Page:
KUALA LUMPUR • Former Malaysian prime minister Najib Razak declined to confirm or deny the existence of a letter written by a Malaysian intelligence unit then under his watch that asked the US Central Intelligence Agency (CIA) to support his Barisan Nasional (BN) coalition.
The letter, dated five days before the fateful May 9 general election that toppled Najib and BN from power - was reportedly written by Datuk Hasanah Ab Hamid, director-general of the research division in the Prime Minister's Department - an intelligence unit.
The letter was addressed to then CIA director-designate Gina Haspel, who has since taken up the job.
The existence of the letter was first reported last week by Malaysiakini, with officials from the new Pakatan Harapan government saying they wanted investigations into the missive.
There have also been calls by those outside government to probe the veracity of the letter, with the assertion that asking a foreign government to intervene in Malaysia's political affairs is tantamount to treason.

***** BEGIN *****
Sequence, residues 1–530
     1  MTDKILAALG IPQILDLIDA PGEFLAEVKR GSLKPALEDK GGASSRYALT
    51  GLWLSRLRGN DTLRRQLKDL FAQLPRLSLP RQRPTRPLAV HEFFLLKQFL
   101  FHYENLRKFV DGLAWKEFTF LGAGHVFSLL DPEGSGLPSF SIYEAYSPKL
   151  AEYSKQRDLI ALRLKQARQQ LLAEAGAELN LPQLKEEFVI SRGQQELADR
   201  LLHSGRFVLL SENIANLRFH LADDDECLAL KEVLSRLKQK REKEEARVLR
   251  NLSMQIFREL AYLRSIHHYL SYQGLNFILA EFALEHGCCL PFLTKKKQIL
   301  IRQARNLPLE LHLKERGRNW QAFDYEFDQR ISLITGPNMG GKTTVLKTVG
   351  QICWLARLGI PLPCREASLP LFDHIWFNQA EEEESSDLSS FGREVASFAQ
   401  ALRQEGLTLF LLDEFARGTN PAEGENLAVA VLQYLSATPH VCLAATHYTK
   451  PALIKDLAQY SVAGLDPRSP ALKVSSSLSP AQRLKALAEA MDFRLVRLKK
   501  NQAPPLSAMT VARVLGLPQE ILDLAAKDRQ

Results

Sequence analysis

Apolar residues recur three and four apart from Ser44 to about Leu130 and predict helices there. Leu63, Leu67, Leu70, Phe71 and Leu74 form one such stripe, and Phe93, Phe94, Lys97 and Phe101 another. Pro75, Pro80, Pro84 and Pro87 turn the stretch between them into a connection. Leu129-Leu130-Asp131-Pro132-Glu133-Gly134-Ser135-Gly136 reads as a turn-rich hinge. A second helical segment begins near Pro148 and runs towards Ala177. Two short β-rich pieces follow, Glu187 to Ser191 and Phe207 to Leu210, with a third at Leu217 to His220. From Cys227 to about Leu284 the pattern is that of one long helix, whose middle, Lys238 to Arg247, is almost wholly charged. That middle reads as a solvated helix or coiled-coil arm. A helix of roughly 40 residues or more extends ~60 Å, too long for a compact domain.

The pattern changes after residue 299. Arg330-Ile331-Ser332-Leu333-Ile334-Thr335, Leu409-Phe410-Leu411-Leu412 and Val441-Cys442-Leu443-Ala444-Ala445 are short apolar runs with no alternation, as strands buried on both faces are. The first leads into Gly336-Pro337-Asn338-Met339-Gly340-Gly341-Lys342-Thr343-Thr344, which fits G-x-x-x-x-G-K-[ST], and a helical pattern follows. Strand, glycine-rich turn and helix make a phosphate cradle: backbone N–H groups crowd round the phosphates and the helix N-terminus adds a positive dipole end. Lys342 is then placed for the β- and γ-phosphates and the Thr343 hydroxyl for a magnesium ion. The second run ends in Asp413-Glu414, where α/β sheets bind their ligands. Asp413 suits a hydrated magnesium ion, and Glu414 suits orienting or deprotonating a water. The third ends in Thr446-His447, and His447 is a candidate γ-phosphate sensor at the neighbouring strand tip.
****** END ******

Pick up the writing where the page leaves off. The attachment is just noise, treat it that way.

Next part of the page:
The letter appealed for US support for the Najib administration "even if we win the election by a simple majority or just one seat".
I cannot confirm nor deny the letter. I have no knowledge.
NAJIB RAZAK, Malaysia's former prime minister, when asked about the letter.
"I hope Your Excellency's esteemed service would be able to report to the secretary of state on the complexity of managing this election by Prime Minister Najib and the need to have US support for the present government even if we are to win the election by a simple majority or just one seat.
"Any indication that the US government would continue to support Prime Minister Najib and his government would definitely strengthen our stability and enhance the existing cordial relationship driven by the strong rapport between our two leaders," read the letter signed by Ms Hasanah.
Najib, asked by reporters about the letter at Parliament's lobby yesterday, said: "I cannot confirm nor deny the letter. I have no knowledge."
But he also said that such a letter would be "agency to agency" and that such dispatches are usually official government secrets, Malay Mail news site reported.